Estate Planning Considerations for Intellectual Property and Digital Assets

By Kristin M. Tyler

< Back to View All Publications

The last 25 years have produced some amazing and mind boggling inventions: spy drones, plasma TVs, hybrid cars, DVR, smart phones, e-books, GPS, text messaging, Wi-Fi, seedless watermelon and of course, Candy Crush. As these inventions continue to expand and evolve, as do the intellectual property rights associated with them. In 2012, the U.S. Commerce Department released a comprehensive report, which found that intellectual property intensive industries support at least 40 million jobs, and contribute more than $5 trillion dollars to the U.S. economy or 34.8 percent of gross domestic product. U.S. Commerce Dep’t, Intellectual Prop. and U.S. Econ.: Indus. in Focus., Mar. 2012, available at this link.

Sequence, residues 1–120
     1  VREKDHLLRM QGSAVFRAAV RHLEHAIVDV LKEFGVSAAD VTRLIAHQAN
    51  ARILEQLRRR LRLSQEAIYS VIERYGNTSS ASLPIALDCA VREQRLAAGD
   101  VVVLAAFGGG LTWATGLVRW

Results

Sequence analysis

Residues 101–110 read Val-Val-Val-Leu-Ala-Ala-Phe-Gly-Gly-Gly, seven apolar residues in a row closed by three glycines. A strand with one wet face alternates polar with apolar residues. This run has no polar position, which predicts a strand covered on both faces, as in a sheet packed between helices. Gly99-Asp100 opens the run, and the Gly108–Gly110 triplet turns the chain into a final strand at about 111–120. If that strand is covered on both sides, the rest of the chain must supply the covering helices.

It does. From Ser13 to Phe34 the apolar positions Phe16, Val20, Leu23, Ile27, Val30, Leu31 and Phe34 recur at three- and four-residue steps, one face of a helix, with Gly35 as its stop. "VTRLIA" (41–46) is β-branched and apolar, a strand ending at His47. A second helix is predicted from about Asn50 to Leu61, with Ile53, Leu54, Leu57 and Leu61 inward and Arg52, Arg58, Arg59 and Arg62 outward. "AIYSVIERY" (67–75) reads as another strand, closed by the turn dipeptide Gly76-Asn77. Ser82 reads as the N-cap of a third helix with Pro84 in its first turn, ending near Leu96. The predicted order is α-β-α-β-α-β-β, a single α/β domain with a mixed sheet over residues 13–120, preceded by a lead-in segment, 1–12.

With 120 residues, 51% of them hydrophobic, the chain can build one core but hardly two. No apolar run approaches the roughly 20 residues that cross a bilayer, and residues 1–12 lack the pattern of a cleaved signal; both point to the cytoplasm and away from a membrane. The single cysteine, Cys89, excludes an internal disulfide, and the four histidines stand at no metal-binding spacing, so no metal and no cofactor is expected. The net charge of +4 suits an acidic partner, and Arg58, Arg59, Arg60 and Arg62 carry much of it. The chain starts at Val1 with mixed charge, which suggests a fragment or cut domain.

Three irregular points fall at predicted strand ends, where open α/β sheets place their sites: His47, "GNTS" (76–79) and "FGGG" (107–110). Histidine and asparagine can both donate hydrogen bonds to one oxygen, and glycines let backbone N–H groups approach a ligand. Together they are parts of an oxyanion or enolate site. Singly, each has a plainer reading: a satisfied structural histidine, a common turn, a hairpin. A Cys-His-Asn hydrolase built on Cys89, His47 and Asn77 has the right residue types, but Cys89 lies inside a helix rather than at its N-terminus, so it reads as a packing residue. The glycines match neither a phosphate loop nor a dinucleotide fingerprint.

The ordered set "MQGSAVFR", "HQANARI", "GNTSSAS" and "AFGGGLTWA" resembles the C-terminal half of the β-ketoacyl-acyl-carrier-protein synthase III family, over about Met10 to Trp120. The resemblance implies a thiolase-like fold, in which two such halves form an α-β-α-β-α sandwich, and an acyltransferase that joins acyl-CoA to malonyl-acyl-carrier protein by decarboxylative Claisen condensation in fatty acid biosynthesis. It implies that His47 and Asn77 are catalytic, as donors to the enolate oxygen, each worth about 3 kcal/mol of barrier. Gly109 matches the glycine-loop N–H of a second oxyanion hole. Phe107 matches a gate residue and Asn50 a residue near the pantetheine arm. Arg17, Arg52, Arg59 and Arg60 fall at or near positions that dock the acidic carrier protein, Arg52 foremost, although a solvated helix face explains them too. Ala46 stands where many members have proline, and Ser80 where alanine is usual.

In today’s digital age, the traditional approach to estate planning for “brick and mortar” type assets is no longer sufficient. When crafting an estate plan for creative clients, such as a musicians, artists, inventors or entertainers, one must consider the planning implications of their intellectual property or digital assets in addition to the more traditional asset classes, i.e., real estate, financial accounts, and personal property.

Intellectual Property